In the summer of 2008, there was a significant dog attack in the city of Omaha in which a 2 year old girl was badly injured. Because of the hysteria of the moment, the city council in Omaha began looking at changes to their dangerous dog law.
Instead of listening to the experts in their community: veterinarians, trainers, rescuers, etc; the council instead took its law-making advice from the victim's mother -- who had virtually no animal handling or animal law experience (and was incidentally working with the folks at dogsbite.org to create the ordinance). The law ended up singling out 9 different breeds of dogs that would have to be muzzled in public unless the owners completed their Canine Good Citizen Test.
Since the law has been in place, it has done nothing to improve public safety, and has only cost taxpayers more money (Nebraska Humane Society took a $100,000 annual pay increase to enforce the new ordinance). While responsible owners have jumped through the hoops put in place by the ordinance, the irresponsible owners (the ones who caused the problems in the first place) have not, causing not only an increase in fees paid, but also an increase in bite incidents. All in the name of public safety, right?
So the following are the dog bite numbers for Omaha as supplied by the City Clerk's office over the past 7 years:
2006 - 916
2007 - 821
2008 - 808 (the new ordinance targeting specific breeds of dogs was passed in the summer of 2008. In June of 2008, the city was on pace to be 14% below the 2007 numbers which would have put them below 700 dog bites on the year. However, the second half of the year had 41 more dog bites than in the same 6 months a year prior, causing only a minor decrease from the year prior).
2009 - 875 (the first full year of the ordinance)
2010 - 913
2011 - 834
2012 - 981
So, while the city was actually seeing a downward trend in 2008, after the passing of the law, they have essentially seen an upward trend in dog bites (with a small blip downward in 2011) since the law was passed -- and the single fewest dog bites they've had in nearly a decade was the year BEFORE the dog law was passed. Nice work.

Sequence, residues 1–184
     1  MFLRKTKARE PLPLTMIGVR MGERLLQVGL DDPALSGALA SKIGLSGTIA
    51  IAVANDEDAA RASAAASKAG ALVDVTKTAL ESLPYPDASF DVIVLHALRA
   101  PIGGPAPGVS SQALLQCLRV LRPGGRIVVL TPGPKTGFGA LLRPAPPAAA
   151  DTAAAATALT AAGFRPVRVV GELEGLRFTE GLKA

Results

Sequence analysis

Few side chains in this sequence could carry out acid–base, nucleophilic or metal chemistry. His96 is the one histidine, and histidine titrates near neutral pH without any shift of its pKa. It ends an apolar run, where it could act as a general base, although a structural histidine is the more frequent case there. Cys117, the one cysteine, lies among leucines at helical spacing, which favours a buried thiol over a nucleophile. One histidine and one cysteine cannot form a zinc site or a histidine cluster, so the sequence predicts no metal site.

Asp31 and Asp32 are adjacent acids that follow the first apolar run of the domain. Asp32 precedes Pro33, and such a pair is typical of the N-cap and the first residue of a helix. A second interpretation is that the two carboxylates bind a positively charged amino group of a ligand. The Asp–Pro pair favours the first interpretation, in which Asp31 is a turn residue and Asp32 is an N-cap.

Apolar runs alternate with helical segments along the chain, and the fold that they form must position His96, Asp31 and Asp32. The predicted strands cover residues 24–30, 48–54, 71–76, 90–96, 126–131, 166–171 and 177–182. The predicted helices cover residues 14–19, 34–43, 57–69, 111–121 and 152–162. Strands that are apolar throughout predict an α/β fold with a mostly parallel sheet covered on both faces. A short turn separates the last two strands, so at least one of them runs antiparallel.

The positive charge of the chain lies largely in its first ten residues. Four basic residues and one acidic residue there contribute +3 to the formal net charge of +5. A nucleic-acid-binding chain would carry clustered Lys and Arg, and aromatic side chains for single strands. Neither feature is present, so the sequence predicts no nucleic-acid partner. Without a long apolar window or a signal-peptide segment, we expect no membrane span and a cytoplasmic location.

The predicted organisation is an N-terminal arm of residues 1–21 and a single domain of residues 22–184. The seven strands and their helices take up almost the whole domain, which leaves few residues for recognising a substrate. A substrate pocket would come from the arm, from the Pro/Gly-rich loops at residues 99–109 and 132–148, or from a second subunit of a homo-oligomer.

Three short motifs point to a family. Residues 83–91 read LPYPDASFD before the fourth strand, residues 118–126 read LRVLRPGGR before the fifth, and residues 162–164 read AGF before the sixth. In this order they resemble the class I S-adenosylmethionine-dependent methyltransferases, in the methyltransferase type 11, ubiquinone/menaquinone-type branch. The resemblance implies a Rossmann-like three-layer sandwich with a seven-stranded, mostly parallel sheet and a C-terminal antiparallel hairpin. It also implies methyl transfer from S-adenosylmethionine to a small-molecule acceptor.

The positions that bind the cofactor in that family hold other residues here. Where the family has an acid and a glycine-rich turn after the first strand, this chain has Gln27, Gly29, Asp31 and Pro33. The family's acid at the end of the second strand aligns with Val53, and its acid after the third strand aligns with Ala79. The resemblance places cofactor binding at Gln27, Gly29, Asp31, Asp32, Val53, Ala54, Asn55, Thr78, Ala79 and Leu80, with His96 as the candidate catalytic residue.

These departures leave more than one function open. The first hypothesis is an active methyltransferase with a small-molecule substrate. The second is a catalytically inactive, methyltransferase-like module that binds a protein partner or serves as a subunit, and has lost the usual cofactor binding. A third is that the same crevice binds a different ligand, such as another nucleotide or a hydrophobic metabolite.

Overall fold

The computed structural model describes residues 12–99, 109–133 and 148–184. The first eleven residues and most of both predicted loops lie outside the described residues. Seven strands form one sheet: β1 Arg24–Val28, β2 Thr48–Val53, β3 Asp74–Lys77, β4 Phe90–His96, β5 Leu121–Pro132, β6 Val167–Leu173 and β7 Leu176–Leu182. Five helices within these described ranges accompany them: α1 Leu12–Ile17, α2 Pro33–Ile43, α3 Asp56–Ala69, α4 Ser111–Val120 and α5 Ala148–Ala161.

Meanwhile, a deeper look into the numbers shows part of the reason. Based on a news report (which is based on numbers supplied by NHS), the following breeds were the top biting breeds in Omaha in 2012:
Labrador Retrievers: 92 bites - 9% of the total (labs also led in 2010, the only other year I have this data for).
Stray/unidentified dogs - 56 - 6% of total
German Shepherds - 46 -5% of total
Boxers - - 41 - 4%
Chihuahuas - 32 - 3%
Pit Buls - 31 - 3%
So while the law went into effect targeting 9 different breeds of dogs, you have to go down to the #6 breed to even find one that was restricted. This then causes a disproportionate number of animal control resources making sure the dog owners of the restricted breeds are jumping through their hoops, while taking resources away from targeting other types of dogs that may show themselves to be aggressive. It's worth noting that while Labs are the most frequent biters, breeds beyond the top 6 make up MORE THAN 70% of the total bites. Thus, the list of biting breeds is very, very deep (as would be expected).
This is why resources are always best spent targeting dogs that show themselves to be aggressive based on their behavior, regardless of breed, and not based on their looks (which is very arbitrarily enforced).
Over the past couple of years the city has had to make several changes to the law -- from removing a $200 fee to remove "dangerous dogs" from the dangerous dog list to reducing fines for dogs running at large from $300 to $100 because they realized they over-reacted and were being overly restrictive. It appears to be time for the city to take a closer look at the law and remove the breed-specific clauses entirely.
Meanwhile, I think there are several things about the media coverage of this situation that are interesting.
#1) Note the picture of the Labrador Retriever used in the media story, and that even while reporting that the dogs are the top biters in the community, the image used is of a very docile dogs. I agree that Labs, like all breeds of dogs, can make great family pets, it's just interesting when compared to imagery used in other breeds.
#2) I think it's interesting that the media seems to dismiss the higher number of Lab bites because they are popular dogs....but pit bulls, which are also extremely popular dogs, are never given the same benefit of the doubt.
#3) While the total dog bite numbers are easily available via open records requests, NOT ONE SINGLE MEDIA OUTLET in Omaha has bothered to report on the increase in dog bites since the breed specific law was passed in 2008.
The Omaha ordinance has been, and continues to be, a major failure in animal welfare legislation and protecting public safety. Residents in the community are not safer; the law is more costly, and it focuses on just a tiny percentage of the dog bites in the community.
It is far past time the council listen to the expert consensus against breed-specifc policies.